Sometimes you can’t wait for the day to end, and that’s probably the case for Tesla investors who watched the stock stumble for two straight days since the automaker delivered a weak third-quarter earnings report. Among those hardest hit, CEO Elon Musk whose own holdings have now lost more than $20 billion in value.
Tesla stock has long had a history of riding the roller coaster, but few analysts predicted the sort of pummeling it’s taken this week after the Texas-based EV manufacturer reported unexpectedly weak third-quarter earnings.
Some of the blame appears directly centered on Elon Musk, the CEO warning analysts and investors during an earnings call that weak sales and lower margins are likely to sting Tesla for some time. Making matters worse, Musk had some tire predictions about the Tesla Cybertruck, the EV pickup set to go on sale late next month, more than a year late.
“We dug our own graves with the Cybertruck,” said the South African-born executive who has now lost more than $20 billion of his personal fortune due to Tesla’s current slide.
Taking a dive
Shares fell 9% on Thursday and, as the end of the week’s trading fast approached on Friday, Tesla stock — traded on the Nasdaq under the symbol TSLA — was off another 8.12%, floating around $213 a share. At one point, the numbers were flirting with the $211.99 mark.
Now, as bad as that all sounds, Tesla is flying relatively high compared to the way the year began for the automaker, when it hit a 52-week low of $101.81 a share.
And that was bad news for Musk, who suddenly found himself having to settle for being only the second — and at one brief point third — richest man in the world.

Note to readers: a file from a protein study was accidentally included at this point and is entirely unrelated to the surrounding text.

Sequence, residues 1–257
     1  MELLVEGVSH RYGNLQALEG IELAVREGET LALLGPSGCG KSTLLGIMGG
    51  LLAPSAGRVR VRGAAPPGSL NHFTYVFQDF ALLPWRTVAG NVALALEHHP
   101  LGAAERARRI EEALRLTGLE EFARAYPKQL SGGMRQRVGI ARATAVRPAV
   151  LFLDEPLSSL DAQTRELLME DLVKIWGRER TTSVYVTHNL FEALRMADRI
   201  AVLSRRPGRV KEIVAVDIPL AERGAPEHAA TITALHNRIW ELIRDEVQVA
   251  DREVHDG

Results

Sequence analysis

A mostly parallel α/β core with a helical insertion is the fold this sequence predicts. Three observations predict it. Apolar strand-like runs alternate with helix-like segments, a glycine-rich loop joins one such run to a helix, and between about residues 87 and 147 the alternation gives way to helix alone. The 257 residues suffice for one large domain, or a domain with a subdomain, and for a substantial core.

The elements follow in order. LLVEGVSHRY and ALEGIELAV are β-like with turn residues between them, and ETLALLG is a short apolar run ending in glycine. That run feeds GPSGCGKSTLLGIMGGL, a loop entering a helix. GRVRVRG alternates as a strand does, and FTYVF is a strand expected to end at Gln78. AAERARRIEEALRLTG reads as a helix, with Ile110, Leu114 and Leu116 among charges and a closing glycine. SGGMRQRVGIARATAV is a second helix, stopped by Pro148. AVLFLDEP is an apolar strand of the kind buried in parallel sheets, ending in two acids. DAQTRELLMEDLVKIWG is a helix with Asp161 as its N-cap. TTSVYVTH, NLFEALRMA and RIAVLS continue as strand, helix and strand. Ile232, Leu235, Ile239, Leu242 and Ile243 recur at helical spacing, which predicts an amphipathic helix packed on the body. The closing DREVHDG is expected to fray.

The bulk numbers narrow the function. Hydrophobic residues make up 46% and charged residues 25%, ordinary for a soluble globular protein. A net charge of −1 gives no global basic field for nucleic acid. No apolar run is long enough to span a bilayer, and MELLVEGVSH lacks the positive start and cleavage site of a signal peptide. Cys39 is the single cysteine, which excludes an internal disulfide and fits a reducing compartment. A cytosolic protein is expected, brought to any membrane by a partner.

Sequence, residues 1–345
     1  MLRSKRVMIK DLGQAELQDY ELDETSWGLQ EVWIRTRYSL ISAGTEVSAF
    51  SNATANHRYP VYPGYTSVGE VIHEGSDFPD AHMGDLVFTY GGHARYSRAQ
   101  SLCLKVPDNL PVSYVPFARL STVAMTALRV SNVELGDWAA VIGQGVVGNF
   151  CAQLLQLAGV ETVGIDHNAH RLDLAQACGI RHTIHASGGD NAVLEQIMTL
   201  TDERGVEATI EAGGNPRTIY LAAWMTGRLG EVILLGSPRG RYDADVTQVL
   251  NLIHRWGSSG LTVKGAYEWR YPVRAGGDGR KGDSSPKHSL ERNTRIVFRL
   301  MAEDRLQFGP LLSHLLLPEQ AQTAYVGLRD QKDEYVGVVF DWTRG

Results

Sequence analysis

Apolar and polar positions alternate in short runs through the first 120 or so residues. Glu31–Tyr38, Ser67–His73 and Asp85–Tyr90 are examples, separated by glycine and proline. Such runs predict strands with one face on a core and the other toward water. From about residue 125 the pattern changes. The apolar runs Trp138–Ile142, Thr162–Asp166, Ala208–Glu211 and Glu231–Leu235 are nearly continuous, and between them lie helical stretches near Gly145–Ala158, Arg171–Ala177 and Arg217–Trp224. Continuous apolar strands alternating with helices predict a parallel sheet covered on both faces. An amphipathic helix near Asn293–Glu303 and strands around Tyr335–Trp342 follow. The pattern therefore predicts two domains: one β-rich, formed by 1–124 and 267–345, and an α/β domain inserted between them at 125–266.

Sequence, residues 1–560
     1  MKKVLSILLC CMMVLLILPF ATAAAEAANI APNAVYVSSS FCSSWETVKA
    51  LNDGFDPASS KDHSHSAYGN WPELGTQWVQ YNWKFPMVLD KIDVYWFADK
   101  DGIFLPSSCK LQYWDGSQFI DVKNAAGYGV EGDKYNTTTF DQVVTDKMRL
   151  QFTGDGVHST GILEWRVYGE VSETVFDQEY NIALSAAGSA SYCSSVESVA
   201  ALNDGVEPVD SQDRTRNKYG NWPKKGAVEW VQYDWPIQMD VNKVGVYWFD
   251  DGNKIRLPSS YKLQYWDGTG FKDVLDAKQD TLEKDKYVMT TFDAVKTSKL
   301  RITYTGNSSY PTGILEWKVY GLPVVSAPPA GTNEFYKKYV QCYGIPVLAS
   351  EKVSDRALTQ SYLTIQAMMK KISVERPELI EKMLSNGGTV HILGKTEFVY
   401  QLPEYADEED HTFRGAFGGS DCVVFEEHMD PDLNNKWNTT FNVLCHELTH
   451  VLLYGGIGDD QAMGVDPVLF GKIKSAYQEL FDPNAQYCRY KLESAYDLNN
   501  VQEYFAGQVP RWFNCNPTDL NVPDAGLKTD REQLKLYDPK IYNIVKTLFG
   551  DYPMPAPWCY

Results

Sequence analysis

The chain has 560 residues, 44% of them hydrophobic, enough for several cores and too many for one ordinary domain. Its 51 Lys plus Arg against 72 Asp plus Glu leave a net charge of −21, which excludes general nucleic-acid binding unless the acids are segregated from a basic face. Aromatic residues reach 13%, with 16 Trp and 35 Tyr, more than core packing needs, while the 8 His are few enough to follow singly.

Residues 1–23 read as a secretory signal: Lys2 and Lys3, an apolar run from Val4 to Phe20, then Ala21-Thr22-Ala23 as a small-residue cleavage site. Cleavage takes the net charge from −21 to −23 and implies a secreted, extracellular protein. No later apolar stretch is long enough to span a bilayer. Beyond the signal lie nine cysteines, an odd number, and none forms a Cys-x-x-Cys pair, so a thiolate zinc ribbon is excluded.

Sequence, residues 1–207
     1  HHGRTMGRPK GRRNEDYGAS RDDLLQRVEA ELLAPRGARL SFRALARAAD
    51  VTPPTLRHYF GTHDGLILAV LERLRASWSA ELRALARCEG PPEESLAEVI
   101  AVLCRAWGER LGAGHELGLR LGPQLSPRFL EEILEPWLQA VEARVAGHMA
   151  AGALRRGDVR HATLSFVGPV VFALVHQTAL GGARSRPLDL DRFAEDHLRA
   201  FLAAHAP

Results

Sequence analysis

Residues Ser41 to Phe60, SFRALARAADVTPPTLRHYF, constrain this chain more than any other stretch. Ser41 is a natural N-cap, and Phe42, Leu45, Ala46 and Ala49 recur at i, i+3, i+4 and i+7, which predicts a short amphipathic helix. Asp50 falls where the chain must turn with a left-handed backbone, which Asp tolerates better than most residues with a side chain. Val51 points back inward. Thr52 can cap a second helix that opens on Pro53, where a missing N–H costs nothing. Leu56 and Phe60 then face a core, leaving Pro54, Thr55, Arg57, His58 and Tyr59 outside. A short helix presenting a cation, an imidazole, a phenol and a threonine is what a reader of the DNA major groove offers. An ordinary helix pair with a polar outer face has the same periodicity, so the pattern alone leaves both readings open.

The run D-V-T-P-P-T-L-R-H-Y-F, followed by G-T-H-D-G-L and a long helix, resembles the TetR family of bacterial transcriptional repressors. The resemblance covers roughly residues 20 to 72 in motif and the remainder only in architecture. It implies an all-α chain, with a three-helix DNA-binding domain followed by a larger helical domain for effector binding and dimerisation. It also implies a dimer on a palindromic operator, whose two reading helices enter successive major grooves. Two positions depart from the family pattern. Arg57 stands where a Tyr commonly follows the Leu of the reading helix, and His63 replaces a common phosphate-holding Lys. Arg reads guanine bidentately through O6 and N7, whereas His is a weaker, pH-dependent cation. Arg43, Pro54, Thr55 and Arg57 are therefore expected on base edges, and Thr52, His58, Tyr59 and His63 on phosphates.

His personal fortune, which is largely based on holding 13% of Tesla’s outstanding shares, started rebounding before the spring thaw and soared to unheard-of levels by June, when Tesla hit its peak of $299.29.
With that much tied up in Tesla, Musk permanently occupies the roller coaster’s front seat. Thursday’s 9% slump cost him more than $16 billion, his net worth dipping to an estimated $210 billion. Depending upon how after-hours trading goes, the South African-born exec could see that dip well below the $200 billion mark, The post market trend appears to be down again.
Still, that would place him at least $40 billion ahead of the globe’s second-richest person, Bernard Arnault, head of the LVMH luxury empire, according to the Bloomberg Billionaire Index.
Don’t call it a comeback
Whether Tesla will make another rebound in the coming days is far from certain, despite Tesla’s long up-and-down history.
When Tesla revealed its numbers for the third quarter, investors and analysts discovered revenue slipped to $23.4 billion, missing the consensus forecast of $24.06 billion. The automaker’s adjusted earnings-per-share of 66 cents also missed the 74-cent consensus estimate.
Musk himself helped add fuel to the Tesla sell off, sounding surprisingly pessimistic during Wednesday evening’s long earnings call. Certainly, he has reason for concern. The automaker already revealed third-quarter vehicle sales fell short of expectations — and that was despite significant price cuts so far this year.
Some observers tried to soft-peddle the shortfall, noting Tesla has cut production as it prepared for both the Cybertruck launch and a long-awaited update to the critical Model 3. But where the price cuts might have helped shore up sales, they sharply curbed what has been industry-leading margins. And there’s a growing expectation that Tesla will cut prices again.
But there’s clearly pessimism about Cybertruck which once seemed the source of a new pot of gold. Musk indicated bottlenecks will limit production, despite what he claimed are 1 million advance reservations. And production issues will also make it difficult to generate the sort of cash flow and margins investors had come to expect from the automaker.
Whether Tesla can bounce back again will clearly depend on the numbers it presents in the months ahead. Wall Street still has a consensus target of $266, but the number of analysts who’ve begun downgrading their numbers seems to be growing.
As for Musk, he’s clearly taken a financial hit, but one that only really matters from a bragging rights point of view. Barring a continuing sell-off in the days and weeks to come he’s likely to remain the world’s richest man.